The head of the force was subpoenaed to testify at the civil trial of Sgt. Peter Merrifield, who alleges in his lawsuit that he was harassed by some of his superiors within the RCMP and that they employed aggressive and intimidating means to try to silence him.
Paulson's testimony is seen as significant as it provides insight on how harassment allegations are dealt with in the force, and the impact they have on internal operations.
He was questioned at length on what he was told about Merrifield, with Merrifield's lawyer suggesting the commissioner got incomplete information on the officer which led to further damage to his reputation as recently as last year.
Court also heard that Merrifield had written to Paulson raising the issue of a superior's possible involvement with prostitutes. When Merrifield's lawyer asked if an investigation was conducted into the matter, Paulson said "no."
"The view was that those officers had tried to respond to the circumstances as best they could in the moment and that there was no sort of malfeasance," Paulson said. "The allegations with respect to prostitutes and so on were ... unsubstantiated."
Merrifield had told a Senate committee last year that a senior RCMP officer "was observed by their vice unit speaking to an undercover female officer posing as a prostitute in a john sting."
His alleged issues began in 2005, when he sought the Conservative nomination to run in a federal riding in a community north of Toronto. He claims some of his superiors deemed his political views and political participation incompatible with his duties.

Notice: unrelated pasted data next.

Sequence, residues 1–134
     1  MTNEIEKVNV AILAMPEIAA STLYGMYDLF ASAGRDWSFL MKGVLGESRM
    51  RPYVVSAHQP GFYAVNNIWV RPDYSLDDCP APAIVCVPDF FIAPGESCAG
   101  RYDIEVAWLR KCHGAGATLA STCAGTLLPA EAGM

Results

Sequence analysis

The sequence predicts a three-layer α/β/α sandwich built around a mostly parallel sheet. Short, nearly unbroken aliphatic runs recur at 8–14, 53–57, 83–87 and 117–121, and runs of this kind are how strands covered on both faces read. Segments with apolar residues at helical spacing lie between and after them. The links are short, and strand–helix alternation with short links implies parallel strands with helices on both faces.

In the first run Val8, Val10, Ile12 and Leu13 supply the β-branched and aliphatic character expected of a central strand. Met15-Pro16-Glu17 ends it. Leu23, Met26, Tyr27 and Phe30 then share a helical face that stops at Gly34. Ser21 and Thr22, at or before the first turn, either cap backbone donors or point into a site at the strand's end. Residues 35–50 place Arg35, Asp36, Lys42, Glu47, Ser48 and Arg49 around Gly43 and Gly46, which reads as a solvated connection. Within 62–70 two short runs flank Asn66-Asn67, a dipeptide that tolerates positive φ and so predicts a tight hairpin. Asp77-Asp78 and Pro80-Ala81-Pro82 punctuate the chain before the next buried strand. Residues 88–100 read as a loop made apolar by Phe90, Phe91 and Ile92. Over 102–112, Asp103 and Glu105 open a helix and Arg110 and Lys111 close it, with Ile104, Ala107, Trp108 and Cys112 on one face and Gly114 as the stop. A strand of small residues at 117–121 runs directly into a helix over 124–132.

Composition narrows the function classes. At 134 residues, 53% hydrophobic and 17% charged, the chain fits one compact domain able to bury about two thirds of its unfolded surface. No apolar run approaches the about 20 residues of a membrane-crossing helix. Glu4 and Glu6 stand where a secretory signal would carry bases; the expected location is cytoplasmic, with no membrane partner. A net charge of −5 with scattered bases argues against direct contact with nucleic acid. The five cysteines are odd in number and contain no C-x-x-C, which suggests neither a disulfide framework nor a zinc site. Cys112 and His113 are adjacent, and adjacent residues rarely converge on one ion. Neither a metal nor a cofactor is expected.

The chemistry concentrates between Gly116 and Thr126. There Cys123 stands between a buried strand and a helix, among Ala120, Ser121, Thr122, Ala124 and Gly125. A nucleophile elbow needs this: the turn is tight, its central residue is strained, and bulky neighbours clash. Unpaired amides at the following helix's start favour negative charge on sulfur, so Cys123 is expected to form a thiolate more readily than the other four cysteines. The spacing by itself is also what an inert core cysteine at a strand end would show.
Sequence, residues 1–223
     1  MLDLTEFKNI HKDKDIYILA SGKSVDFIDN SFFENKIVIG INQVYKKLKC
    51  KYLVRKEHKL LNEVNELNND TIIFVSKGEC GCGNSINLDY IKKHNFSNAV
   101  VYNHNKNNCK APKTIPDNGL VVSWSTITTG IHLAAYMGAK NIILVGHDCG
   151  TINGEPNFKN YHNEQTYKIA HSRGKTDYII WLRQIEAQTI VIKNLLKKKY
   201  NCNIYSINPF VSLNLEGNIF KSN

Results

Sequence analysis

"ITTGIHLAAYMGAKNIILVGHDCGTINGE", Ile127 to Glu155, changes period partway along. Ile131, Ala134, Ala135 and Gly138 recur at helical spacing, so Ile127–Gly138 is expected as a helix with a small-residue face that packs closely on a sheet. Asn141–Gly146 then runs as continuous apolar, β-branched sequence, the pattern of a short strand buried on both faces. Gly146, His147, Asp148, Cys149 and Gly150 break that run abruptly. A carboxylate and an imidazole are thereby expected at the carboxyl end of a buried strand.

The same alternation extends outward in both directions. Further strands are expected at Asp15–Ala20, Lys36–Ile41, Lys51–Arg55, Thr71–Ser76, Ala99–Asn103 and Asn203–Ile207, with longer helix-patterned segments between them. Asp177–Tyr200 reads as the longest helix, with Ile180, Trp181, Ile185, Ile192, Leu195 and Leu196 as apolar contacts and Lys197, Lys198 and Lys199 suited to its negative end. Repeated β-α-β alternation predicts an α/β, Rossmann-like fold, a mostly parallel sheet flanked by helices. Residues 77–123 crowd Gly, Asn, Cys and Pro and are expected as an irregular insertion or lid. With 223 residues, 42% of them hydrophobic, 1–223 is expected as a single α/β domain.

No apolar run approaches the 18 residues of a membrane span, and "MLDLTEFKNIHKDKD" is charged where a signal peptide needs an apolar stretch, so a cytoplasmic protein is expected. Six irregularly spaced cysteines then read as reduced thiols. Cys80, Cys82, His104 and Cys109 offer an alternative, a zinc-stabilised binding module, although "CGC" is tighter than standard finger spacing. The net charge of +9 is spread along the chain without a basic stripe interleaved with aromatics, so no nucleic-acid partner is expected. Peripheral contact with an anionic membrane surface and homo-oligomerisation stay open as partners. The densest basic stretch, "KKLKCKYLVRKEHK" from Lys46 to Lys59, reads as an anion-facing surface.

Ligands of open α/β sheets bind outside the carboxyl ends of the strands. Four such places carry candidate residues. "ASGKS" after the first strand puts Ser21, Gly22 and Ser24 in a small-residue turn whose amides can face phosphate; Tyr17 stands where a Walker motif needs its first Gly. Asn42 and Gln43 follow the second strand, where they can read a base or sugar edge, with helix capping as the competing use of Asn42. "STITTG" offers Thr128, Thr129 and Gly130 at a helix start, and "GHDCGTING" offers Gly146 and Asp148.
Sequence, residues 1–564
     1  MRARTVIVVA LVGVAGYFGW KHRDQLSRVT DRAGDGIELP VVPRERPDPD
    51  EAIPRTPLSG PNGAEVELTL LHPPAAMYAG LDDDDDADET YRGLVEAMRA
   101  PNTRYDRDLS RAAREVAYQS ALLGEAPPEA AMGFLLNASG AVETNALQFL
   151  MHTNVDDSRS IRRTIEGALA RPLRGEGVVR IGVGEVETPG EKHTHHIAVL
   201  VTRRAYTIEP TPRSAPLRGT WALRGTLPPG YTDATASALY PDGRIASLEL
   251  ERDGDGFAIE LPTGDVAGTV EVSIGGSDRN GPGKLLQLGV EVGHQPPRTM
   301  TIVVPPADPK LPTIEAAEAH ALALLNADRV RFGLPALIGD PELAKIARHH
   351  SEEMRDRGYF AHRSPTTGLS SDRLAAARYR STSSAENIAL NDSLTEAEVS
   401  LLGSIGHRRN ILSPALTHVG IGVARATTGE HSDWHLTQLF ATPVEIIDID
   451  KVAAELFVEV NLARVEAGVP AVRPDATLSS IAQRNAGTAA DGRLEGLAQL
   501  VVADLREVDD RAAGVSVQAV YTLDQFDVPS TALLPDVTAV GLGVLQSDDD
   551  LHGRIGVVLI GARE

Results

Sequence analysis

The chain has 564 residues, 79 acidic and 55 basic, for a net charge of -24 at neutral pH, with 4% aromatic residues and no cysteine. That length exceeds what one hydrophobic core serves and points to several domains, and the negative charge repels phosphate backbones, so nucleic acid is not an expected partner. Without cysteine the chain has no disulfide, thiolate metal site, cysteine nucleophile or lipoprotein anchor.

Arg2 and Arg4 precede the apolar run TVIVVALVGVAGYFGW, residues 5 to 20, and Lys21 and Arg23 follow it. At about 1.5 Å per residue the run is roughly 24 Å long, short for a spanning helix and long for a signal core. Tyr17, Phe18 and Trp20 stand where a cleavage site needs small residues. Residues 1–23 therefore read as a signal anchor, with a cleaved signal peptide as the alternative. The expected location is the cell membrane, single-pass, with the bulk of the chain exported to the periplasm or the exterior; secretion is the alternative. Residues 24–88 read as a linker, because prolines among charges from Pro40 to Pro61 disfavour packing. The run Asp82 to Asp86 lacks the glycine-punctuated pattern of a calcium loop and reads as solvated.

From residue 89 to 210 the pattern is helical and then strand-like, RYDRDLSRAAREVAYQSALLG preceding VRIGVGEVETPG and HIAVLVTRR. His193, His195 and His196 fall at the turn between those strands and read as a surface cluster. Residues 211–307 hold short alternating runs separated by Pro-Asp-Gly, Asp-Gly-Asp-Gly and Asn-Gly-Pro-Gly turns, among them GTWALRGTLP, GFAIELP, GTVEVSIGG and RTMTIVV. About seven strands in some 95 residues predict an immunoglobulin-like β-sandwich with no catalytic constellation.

He alleges that led to punitive transfers, rumours about his conduct and integrity and a number of internal investigations, all of which resulted in no disciplinary action.
He also alleges his superiors took issue with certain interviews he gave to the media, claiming that they alleged he was speaking publicly on national security matters.
Paulson said while he was generally aware two years ago of Merrifield's attempts to sue the force, he requested more information on the officer last spring, after Merrifield made an appearance on a CBC television talk show, discussing alleged harassment within the RCMP.
That television appearance took place in the days around appearances by both Merrifield and Paulson before a Senate committee looking into harassment and bullying within the RCMP.
Paulson had brought up Merrifield by name before the committee as he levelled criticism at a selection of RCMP members who had lodged complaints against the force. He accused Merrifield of being upset because the force "took issue with him running for Parliament."
Paulson said he asked the RCMP's Commanding officer for Ontario Stephen White for more information about Merrifield and his allegations.
"My question was what's going on with this lawsuit, with this individual, how is it that he's in the Senate testifying about these harassment issues and he's in the public domain repeating these views, very, very critical of the force," Paulson explained.
He said it was conveyed to him that efforts to reconcile the differences between Merrifield and the force had gone nowhere.
"Steve's advice was that this was a very smart, very accomplished officer who had become solidly and almost unequivocally embittered towards the force and we would just have to let this lawsuit play out," Paulson said.
"He was locked into this view that the officers he was referring to had harassed him and he was not taking any ground back from that. He was very, very determined to have those claims of harassment from those officers validated."
Paulson went on to characterize the back and forth between Merrifield and his superiors as "a bun fight" before the officer launched his lawsuit.
Merrifield's lawyer says his client is seeking damages to be determined at trial and wants "a punitive judgment to send the RCMP a message" about harassment in the force.